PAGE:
How Have Earth’s Sheltered Home Designs Pushed the Boundaries?

Earth Sheltered Homes is an architectural concept that works with nature to push the boundaries of housing design. This article will delve into this concept, providing an overview of the design intent, the pros and cons of earth-sheltered houses, and some examples of such buildings from around the world.

Image Credit: Gabe Rossi/

What are Earth’s sheltered houses?

Earth sheltered houses are, as the name suggests, houses that are sheltered from the elements by the ground. These buildings blend into their surrounding environment, providing an aesthetic that is both modern and organic.

There are two types of earth-proof house designs: underground earth-proof houses and berm houses. A subterranean earth-sheltered house is covered on the roof and three exterior sides by earth, with the entrance exposed. An earth house is built above or partially above the ground and has only earth surrounding the exterior walls and not the roof, which is usually insulated. Concrete is commonly used for the walls of an earth sheltered house.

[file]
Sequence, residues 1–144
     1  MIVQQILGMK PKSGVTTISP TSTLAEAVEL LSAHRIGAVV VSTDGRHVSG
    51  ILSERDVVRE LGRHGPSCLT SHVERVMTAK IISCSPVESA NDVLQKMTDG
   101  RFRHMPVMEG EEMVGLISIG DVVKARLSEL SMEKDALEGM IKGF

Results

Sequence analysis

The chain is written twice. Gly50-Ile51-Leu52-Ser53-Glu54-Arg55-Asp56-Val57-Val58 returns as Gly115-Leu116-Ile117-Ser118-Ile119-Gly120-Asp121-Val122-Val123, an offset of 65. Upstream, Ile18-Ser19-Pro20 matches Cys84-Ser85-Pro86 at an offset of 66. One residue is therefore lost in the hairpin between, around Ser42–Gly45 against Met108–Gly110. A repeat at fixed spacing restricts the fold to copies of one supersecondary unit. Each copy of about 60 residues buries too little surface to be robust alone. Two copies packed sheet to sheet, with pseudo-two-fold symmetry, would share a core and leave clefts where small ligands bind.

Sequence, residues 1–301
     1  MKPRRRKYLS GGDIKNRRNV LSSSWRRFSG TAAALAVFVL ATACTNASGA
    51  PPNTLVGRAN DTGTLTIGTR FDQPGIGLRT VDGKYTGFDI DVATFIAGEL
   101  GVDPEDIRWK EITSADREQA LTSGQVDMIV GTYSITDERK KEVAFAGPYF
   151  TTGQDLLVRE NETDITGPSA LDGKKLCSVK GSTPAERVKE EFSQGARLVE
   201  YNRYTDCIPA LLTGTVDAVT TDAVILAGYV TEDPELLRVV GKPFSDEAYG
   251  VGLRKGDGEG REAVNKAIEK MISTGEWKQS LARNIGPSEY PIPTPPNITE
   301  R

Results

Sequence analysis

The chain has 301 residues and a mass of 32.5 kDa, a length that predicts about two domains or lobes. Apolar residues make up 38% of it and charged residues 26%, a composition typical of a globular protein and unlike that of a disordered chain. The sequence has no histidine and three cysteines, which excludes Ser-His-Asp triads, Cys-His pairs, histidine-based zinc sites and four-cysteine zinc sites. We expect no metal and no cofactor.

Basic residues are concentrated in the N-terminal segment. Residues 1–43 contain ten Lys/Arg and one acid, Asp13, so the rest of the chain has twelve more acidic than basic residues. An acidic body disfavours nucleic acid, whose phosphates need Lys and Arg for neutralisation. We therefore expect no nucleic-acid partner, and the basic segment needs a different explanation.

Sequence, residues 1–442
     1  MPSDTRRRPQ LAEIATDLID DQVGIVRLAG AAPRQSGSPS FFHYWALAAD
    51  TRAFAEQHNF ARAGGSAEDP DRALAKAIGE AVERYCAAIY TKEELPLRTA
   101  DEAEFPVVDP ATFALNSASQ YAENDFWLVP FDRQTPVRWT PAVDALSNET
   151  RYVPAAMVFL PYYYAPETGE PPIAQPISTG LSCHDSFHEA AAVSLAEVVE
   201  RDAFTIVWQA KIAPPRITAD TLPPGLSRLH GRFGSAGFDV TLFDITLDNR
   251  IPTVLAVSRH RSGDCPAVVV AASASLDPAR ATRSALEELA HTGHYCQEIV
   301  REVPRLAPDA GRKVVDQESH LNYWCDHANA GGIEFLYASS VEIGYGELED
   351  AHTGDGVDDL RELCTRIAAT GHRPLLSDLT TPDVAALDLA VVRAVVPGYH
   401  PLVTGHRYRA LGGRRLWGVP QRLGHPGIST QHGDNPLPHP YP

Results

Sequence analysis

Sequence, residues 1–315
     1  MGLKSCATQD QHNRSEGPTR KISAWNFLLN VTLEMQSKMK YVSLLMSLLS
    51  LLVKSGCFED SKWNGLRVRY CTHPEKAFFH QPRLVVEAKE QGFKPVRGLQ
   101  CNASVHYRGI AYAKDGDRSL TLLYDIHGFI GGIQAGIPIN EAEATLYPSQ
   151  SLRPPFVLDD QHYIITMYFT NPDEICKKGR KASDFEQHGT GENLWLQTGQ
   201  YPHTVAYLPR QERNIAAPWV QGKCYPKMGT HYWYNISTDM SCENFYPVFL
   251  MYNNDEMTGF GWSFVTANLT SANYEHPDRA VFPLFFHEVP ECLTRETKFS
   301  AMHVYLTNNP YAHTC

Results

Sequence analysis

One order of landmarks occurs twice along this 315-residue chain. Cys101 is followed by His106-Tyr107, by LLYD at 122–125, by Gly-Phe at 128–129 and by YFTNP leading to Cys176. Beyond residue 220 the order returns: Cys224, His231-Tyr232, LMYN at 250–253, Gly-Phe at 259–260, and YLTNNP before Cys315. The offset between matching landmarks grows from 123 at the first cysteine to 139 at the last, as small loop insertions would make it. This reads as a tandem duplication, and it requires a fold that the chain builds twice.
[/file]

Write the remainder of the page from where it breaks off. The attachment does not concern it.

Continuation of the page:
Two other types of earth berm houses are elevation and ingress designs. In an elevated berm design, the other sides, and sometimes the roof, are covered with earth. Floor plans are arranged to maximize shared light and warmth in common areas and bedrooms, with the exposed front of the house facing south. Skylights are strategically placed to maximize light and ventilation in the northern part of the house.

A penetration berm house has dirt covering all exterior surfaces except windows and doors. The earth is constructed around and above the building, and more than one side is exposed to provide adequate access to daylight and good levels of cross ventilation.

Advantages and Disadvantages of Earth Sheltered Homes

The main advantage of earth-proof houses is the insulation from the surrounding earth. The ground at a depth of 15 feet maintains a fairly constant temperature which reflects the mean annual surface air temperature. So, if the average annual air temperature is 55 degrees, less heating is needed in winter to bring it to a comfortable temperature. Conversely, in summer, the ground temperature keeps the building cooler than an equivalent above-ground house.